Hill Country Healthcare Protest A Display Of Frustration
In Fredericksburg over the weekend, opponents of the latest proposed healthcare bill in the U.S. Senate rallied publicly. In the middle of Cruz and Cornyn country, opponents found creative ways to make their voices heard.
Fredericksburg is is one of the least likely places you’d expect to see a political rally. It's an upscale touristy retirement town of 10,000 people in the Texas Hill Country, well known for its fresh peaches.
This weekend, a choir called “The Impeaches” took center stage at the main square.
The vocal crowd of about 200 was a mix of men and women, old and young -- all gathered against the Republican plan to change the ACA. One of them was Jane Crone, 73.
"We just have to make our voices heard," Crone stated. "What’s going on is not in the best interest of the majority of Americans."
They waved handmade signs with provocative messages. One senior’s note read “Now you’ve pissed off Grandma.” The bill’s cuts to Medicaid threaten the 65 percent of people in nursing homes supported by Medicaid.
J.B. Chimene, a senior from Johnson City near Austin, said the proposed bill puts American healthcare in rewind. Cuts to Medicaid, the cuts to kids, the cuts to seniors….we really need to put more people under healthcare, not fewer," Chimene stressed.
Lily Beaumont was one of the youngest participants. She’s in her 20s. She gets insurance through the exchange. "
I get my insurance through the free market," Lily said. "I’m a freelance writer. So I am very concerned about losing it."
At a western wear store just across the street from the rally, an employee muses about the gathering. Self-described Libertarian Dean Osteen says he doesn’t qualify for a subsidy and can’t afford Obamacare, so he just pays the tax penalty. He’s in favor of repealing and replacing the law.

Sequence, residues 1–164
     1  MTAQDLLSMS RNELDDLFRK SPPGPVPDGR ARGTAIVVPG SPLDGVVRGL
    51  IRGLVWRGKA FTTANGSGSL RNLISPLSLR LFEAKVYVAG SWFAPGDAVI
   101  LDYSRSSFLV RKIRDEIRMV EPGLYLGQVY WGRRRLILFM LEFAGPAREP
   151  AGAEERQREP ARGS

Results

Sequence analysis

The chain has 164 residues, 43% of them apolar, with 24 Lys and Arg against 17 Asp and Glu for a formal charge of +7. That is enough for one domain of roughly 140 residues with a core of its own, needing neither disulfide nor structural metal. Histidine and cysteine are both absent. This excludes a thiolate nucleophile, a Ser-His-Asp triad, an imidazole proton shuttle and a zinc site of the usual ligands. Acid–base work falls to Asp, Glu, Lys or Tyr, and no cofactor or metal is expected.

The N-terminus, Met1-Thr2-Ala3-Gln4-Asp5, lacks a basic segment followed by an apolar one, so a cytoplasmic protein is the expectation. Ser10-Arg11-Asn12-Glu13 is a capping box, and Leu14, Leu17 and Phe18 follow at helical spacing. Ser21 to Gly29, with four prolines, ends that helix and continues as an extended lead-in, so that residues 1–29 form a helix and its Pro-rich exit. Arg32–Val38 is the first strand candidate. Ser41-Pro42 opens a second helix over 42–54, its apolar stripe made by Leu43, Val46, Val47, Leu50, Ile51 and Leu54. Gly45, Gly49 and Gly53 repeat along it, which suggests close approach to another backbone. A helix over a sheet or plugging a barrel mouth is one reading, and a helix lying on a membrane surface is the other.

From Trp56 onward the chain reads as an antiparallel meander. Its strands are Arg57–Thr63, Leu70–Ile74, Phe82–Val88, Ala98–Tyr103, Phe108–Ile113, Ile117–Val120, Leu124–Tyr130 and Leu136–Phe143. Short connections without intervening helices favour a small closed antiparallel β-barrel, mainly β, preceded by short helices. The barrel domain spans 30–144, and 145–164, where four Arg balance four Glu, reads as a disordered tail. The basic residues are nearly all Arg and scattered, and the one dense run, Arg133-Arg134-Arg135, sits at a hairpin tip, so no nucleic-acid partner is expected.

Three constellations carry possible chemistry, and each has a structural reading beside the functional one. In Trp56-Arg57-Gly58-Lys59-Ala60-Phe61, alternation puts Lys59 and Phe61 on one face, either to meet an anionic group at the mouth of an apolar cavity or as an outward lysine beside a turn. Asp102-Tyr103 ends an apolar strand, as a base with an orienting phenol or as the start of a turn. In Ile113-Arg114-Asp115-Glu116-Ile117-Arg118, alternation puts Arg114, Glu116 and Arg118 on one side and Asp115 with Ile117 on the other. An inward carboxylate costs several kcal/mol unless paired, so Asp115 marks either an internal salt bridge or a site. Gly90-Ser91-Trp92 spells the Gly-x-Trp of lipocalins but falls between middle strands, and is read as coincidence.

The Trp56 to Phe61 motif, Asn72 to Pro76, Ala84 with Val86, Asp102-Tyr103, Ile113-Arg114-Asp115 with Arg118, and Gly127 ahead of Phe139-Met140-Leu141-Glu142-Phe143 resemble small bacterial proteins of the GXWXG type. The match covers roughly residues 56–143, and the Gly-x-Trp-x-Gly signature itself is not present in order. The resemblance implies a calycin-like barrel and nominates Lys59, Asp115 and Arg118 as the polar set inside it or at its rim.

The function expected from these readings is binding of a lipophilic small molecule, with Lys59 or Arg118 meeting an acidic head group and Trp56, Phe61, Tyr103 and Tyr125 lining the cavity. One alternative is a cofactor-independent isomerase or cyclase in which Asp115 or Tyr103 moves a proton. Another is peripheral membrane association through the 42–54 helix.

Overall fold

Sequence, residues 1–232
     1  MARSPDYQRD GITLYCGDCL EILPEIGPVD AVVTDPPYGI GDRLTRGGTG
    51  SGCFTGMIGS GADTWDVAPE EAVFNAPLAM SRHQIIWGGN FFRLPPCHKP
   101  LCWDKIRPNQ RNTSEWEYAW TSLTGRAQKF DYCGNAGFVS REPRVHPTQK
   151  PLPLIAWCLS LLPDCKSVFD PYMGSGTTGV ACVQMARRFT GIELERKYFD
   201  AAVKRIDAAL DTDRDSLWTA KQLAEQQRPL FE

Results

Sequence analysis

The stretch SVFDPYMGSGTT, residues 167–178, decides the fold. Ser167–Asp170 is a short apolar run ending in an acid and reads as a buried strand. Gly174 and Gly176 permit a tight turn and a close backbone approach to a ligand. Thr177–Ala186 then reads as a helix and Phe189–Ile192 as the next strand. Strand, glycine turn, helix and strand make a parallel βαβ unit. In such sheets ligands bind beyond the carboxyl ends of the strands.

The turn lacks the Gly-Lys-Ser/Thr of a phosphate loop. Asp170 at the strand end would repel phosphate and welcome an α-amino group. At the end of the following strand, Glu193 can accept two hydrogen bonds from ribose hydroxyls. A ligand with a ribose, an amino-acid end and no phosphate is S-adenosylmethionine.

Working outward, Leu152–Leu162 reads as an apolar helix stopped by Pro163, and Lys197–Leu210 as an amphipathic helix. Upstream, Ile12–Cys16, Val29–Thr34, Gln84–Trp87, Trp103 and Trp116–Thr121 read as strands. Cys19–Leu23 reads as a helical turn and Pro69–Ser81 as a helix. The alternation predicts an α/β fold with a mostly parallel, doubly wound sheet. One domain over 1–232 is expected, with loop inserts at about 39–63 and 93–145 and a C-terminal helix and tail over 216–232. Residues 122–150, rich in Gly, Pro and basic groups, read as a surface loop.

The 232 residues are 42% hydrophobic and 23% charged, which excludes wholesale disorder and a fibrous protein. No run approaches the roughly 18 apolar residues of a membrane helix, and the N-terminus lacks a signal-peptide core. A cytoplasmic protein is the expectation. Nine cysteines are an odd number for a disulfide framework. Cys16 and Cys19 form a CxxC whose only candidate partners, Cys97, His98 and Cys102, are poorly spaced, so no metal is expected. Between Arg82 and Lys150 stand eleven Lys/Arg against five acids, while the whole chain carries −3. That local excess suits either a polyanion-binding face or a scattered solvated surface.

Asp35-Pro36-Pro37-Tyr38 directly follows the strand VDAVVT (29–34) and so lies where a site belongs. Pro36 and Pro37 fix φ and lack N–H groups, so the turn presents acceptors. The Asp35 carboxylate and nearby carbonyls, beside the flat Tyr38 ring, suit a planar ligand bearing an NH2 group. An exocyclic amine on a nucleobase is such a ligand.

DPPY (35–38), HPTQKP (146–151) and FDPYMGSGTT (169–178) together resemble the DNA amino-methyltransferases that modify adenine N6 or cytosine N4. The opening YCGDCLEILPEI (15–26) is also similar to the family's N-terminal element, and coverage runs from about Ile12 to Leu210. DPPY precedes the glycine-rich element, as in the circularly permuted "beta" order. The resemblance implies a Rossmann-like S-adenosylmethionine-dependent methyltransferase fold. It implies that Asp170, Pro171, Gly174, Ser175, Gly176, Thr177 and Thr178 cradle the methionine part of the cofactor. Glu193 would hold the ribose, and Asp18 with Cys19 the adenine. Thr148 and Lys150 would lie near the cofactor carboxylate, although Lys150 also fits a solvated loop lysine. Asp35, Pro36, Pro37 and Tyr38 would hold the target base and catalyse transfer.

"I’m not that familiar with the Republican plan," Osteen admitted."But I am in favor of some sort of change. I would like to have healthcare at some point again."
Texas has the highest uninsured rate in the country. The state didn’t expand Medicaid and the rate of people who get coverage from their employer is lower than the national average. But a June poll showed both Obamacare and the House version of the healthcare bill were unpopular.
"There's a lot more of us than you think," said Susan Curtis from the local Democratic club, who says she was disappointed the Senate committee who came up with this latest plan behind closed doors was composed of only men. "I would like to have seen some of the women in the Senate included in this," she said.
Joyce Humble is opposed to the deep reductions for federal funding for Medicaid. "
This bill is an abomination. It’s going to impact all of us out here in the Hill Country," Humble asserted. "People in nursing homes. Disabled children. Disabled adults. I mean, what’s going to happen to those people?"
The Senate is expected to vote on the bill later this week.